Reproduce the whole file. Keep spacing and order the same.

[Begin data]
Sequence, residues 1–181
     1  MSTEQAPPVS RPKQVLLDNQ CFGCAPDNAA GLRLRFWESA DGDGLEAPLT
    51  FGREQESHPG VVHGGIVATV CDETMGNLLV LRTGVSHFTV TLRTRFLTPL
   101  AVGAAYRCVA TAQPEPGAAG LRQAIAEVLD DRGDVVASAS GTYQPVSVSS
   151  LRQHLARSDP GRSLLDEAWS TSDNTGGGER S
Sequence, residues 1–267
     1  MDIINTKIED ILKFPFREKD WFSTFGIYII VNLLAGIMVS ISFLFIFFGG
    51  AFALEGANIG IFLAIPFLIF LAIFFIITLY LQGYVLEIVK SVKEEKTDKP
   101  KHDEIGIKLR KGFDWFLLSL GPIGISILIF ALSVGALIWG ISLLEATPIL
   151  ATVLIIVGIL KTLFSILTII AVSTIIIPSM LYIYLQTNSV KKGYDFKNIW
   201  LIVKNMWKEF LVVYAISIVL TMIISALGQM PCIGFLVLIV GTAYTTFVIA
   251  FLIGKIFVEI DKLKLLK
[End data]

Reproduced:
Sequence, residues 1–181
     1  MSTEQAPPVS RPKQVLLDNQ CFGCAPDNAA GLRLRFWESA DGDGLEAPLT
    51  FGREQESHPG VVHGGIVATV CDETMGNLLV LRTGVSHFTV TLRTRFLTPL
   101  AVGAAYRCVA TAQPEPGAAG LRQAIAEVLD DRGDVVASAS GTYQPVSVSS
   151  LRQHLARSDP GRSLLDEAWS TSDNTGGGER S
Sequence, residues 1–267
     1  MDIINTKIED ILKFPFREKD WFSTFGIYII VNLLAGIMVS ISFLFIFFGG
    51  AFALEGANIG IFLAIPFLIF LAIFFIITLY LQGYVLEIVK SVKEEKTDKP
   101  KHDEIGIKLR KGFDWFLLSL GPIGISILIF ALSVGALIWG ISLLEATPIL
   151  ATVLIIVGIL KTLFSILTII AVSTIIIPSM LYIYLQTNSV KKGYDFKNIW
   201  LIVKNMWKEF LVVYAISIVL TMIISALGQM PCIGFLVLIV GTAYTTFVIA
   251  FLIGKIFVEI DKLKLLK